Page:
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services nhs wales no longer offer...

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Post Options Post Options   Thanks (0) Thanks(0)   Quote aber-fan Quote  Post ReplyReply Direct Link To This Post Posted: 25 October 2018 at 3:11pm
Originally posted by totallybiasedscarlet totallybiasedscarlet wrote:

One of the things I always felt would reduce NHS costs was to shake up GP services. I'd like to see the role of "Family Health Support Worker" created. This would be people trained in aspects of diet, exercise, sexual health & contraceptive services, substance misuse, mental health services etc who would act as an advocate for families, regularly checking their health and supporting them in maintaining healthy bodies/minds/lifestyles. Predicated on the principle that prevention is better than cure. I always felt that leisure centres should be a "free at the point of contact" service and integrated with family health to that end. My reasoning is that so many illnesses that people present with that are protracted, complicated and expensive are the consequence of poor lifestyle choices and are emminently preventable (e.g. Type 2 Diabetes, Heart Disease, many cancers etc). With the right nudge much of this could be prevented and a huge degree of pressure on the NHS relieved.

It would certainly cost to do this but could it produce a net saving? I'm sure the general better health of the population would be a net benefit.

Good ideas - it would need to be costed and compared to the costs of not doing something of the sort. At least some of these ideas would definitely be worth implementing, IMO.
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Post Options Post Options   Thanks (0) Thanks(0)   Quote aber-fan Quote  Post ReplyReply Direct Link To This Post Posted: 25 October 2018 at 3:28pm
Originally posted by roy munster roy munster wrote:

Good point, since 1991 Welsh population rose 225,000

The 19 to 642 went up 130,000  ish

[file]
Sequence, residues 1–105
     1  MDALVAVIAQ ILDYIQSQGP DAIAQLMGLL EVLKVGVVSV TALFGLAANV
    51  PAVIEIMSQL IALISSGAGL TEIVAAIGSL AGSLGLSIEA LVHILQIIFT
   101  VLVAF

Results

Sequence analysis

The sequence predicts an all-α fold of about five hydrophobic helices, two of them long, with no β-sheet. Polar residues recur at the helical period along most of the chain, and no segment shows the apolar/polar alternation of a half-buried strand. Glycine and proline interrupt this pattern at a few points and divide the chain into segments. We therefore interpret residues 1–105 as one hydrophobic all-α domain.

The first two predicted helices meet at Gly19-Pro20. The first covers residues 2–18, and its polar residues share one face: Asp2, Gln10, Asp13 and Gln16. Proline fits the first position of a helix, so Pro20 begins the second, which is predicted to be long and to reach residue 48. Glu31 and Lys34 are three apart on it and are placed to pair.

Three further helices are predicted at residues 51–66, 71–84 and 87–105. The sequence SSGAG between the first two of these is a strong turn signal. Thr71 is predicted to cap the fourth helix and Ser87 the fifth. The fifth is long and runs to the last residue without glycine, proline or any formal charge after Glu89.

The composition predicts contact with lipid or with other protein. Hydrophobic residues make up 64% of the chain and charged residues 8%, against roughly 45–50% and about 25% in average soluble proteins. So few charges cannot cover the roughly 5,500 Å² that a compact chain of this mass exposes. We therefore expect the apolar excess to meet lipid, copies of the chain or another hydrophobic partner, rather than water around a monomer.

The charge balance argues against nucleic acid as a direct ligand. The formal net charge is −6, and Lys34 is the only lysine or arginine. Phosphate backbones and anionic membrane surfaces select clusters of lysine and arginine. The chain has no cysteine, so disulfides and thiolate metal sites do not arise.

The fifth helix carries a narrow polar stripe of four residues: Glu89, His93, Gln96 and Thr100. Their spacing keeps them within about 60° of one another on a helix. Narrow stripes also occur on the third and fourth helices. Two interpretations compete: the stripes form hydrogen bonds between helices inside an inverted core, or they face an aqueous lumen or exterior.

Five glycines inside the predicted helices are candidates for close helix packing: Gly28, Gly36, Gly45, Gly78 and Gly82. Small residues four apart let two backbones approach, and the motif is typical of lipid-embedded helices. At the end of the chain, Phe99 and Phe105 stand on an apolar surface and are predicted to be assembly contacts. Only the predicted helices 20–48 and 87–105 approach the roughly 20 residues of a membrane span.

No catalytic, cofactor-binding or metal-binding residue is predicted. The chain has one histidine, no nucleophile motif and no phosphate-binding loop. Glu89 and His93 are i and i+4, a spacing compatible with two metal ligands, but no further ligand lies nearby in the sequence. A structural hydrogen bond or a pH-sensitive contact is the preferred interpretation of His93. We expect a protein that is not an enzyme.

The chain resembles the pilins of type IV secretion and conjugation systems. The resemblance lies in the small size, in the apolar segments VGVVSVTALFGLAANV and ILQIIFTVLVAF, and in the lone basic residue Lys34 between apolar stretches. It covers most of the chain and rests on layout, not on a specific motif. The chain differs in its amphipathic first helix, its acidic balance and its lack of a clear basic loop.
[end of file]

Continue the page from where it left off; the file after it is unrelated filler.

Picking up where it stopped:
the over 65s went up 150,000 ish
the 0 to 15 year olds fell 30,000+

Definitely a big factor 

it is indeed - which is why the grant from central government should be 'needs based' rather than Barnett... things have changed significantly since 1978, FFS!

There is a summary on Wikipedia:


Most commentators would agree that, by now, Scotland has done rather well out of the formula, and Wales rather badly see for example:


It is, of course, tricky to say that Barnett disadvantages 'England' - I think it's pretty clear that the truth is that certain English regions are disadvantaged, like Wales, whereas others - especially London and the South East - do disproportionately well out of government spending. I'm not sure if Crossrail or the HS2 upgrade to train travel London - Brum, or for that matter Eurotunnel and the upgrades to train services to France and of St Pancras station were included in any calculation, or were in some way 'outside' the formula - what is clear is that these immensely expensive items benefit almost exclusively London and neighbouring areas. And now, instead of upgrading regional airports, the government propose to build a third runway at Heathrow... which will likely cause gridlock on the M4... instead of considering expanding (say) Birmingham, which is no time at all by train from London even now, and much closer to the Midlands and North of both England and Wales.
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Post Options Post Options   Thanks (0) Thanks(0)   Quote roy munster Quote  Post ReplyReply Direct Link To This Post Posted: 25 October 2018 at 6:07pm
This is one of many reasons people voted against devolution , as we expected we'd end up with a second class under-funded system. 
ROYMOND MUNTER MBE (FOR SERVICES TO THE COMBOVER)
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Post Options Post Options   Thanks (0) Thanks(0)   Quote aber-fan Quote  Post ReplyReply Direct Link To This Post Posted: 26 October 2018 at 3:50pm
Originally posted by roy munster roy munster wrote:

This is one of many reasons people voted against devolution , as we expected we'd end up with a second class under-funded system. 

That has had no effect either way, as the funding formula is exactly the same post-devolution as it has been since 1978! The only thing that changed is that the WAG got the chance to prioritise different areas, if it so wished, within the areas devolved.

ATM, they are giving extra cash to the NHS at the expense of local government and education (I think)... whether it will be spent wisely remains to be seen. The problem for the NHS, though, is that its funding has been cut in real terms since 2010 across the UK, at the same time as private companies have been invited in to hoover up profits in certain areas.
I share no-one's ideas. I have my own.
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